3. Proper Treatment of ADHD Requires Ongoing Tweaking
The focus in treating ADHD is to help a person better manage symptoms, therefore lessening the negative impact that ADHD can have in one's life and allowing areas of strengths to shine. By effectively managing symptoms, a person is better equipped to build on innate strengths and reach his or her full potential. Treatment for ADHD involves a multi-pronged approach and there are many strategies to incorporate into your life to help. Learning all you can about ADHD helps you to understand more about your own ADHD and how to best manage it.
Parent training and education about ADHD for the whole family is also an important component of treatment. Medication, behavior management, organizational strategies, lifestyle changes, school/work accommodations and modifications, exercise, problem solving and communication skills training, counseling, coaching -- many of these approaches are often part of a comprehensive treatment plan for managing symptoms of ADHD.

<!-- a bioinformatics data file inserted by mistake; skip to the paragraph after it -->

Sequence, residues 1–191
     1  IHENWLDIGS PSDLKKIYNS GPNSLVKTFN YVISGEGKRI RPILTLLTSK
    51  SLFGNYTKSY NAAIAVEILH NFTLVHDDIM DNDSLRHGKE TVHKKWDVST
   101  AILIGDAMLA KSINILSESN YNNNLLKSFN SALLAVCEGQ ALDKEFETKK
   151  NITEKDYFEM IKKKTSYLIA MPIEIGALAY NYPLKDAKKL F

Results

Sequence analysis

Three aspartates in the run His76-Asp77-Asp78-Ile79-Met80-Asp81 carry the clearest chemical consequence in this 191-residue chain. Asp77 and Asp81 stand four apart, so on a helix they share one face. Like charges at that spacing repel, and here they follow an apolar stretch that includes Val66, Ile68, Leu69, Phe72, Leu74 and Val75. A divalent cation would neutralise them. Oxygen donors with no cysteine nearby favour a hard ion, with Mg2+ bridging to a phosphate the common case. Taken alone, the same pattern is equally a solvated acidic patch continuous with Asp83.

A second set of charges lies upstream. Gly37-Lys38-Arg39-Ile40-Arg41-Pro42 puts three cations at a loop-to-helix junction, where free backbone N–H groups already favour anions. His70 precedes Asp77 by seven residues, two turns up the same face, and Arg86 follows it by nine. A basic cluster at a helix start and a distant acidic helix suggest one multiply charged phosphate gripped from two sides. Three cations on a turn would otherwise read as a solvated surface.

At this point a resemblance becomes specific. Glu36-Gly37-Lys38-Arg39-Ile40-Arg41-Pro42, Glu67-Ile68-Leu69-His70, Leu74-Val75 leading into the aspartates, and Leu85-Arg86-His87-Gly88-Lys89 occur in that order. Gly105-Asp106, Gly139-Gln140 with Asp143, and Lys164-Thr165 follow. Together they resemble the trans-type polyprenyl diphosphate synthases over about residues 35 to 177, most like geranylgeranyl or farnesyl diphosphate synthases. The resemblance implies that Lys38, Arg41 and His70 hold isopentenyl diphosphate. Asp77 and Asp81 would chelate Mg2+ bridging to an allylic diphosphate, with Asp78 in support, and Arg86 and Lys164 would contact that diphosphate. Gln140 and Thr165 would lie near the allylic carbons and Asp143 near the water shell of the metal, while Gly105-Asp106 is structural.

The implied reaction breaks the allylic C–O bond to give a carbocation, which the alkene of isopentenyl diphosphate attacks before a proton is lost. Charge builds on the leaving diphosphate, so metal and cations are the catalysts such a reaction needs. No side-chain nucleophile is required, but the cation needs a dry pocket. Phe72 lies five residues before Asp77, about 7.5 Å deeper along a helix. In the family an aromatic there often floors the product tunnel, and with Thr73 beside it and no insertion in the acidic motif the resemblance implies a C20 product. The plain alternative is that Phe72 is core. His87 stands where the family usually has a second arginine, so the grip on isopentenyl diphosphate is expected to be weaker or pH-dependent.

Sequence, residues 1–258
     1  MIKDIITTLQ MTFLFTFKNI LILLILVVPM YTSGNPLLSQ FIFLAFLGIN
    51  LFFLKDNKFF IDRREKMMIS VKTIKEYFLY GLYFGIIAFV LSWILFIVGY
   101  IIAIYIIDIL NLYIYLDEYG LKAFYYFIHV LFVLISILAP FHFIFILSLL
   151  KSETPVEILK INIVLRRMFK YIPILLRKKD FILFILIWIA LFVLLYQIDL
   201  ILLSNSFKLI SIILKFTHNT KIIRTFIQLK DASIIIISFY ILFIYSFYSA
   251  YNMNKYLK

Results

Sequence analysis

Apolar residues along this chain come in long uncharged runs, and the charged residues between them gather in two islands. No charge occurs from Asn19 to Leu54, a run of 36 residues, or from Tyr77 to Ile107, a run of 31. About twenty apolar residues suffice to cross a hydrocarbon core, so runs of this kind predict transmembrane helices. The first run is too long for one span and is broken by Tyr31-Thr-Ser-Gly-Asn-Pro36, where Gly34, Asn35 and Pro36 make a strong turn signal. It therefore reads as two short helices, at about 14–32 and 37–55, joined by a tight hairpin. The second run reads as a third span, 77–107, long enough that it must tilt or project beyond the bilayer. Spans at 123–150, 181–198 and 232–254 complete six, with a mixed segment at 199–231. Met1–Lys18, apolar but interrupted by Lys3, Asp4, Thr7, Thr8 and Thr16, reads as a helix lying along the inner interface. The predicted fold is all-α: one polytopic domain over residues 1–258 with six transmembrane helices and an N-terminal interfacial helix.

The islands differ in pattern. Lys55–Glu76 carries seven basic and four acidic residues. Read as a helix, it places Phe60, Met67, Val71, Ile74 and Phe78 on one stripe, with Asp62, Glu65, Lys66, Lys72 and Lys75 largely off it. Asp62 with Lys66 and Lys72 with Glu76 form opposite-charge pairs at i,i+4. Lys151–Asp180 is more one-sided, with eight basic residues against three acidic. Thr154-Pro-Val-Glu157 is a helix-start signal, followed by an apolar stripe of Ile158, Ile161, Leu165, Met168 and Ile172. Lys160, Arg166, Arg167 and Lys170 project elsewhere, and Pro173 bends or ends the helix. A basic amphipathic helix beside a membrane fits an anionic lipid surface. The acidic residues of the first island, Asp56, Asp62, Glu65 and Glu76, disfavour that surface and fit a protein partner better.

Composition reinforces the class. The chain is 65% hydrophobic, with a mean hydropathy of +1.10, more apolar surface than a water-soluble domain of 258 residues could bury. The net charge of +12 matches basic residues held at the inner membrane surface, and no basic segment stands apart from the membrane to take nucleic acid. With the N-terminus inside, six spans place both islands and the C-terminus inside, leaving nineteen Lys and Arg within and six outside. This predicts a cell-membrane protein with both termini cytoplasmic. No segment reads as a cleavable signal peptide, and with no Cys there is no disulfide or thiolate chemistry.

Keep in mind that there is no "one size fits all" approach regarding these strategies. Treatment must be tailored to your individual needs and requires not only individualized strategies, but also ongoing tweaking and adjusting so that it works best for you. This is especially important to remember in regard to medication. Many people begin medication, only to stop when unwanted side effects occur or if the effectiveness of the medication seems to wane. Medication management is an ongoing process. Work closely with your doctor to make adjustments and fine-tune for optimal effectiveness.
4. ADHD Runs in Families
If you have ADHD, there is a good chance that others in your biological family may also have it. ADHD is a highly inherited condition, so it tends to run in families. Research continues to focus on identifying which genes or combination of genes may cause someone to be more susceptible to ADHD.
ADHD is something you are born with (in most cases), even if you have only recently been diagnosed as a teenager. Some kids who aren't diagnosed until adolescence are able to successfully manage challenges during the younger years. The teenage years bring on a whole new set of responsibilities and demands, however, so the impairments related to ADHD may become more obvious and more difficult to cope with and manage. If you were recently diagnosed as a teenager, this may be what happened with you. You, your family, and your teachers may not have recognized the ADHD until now.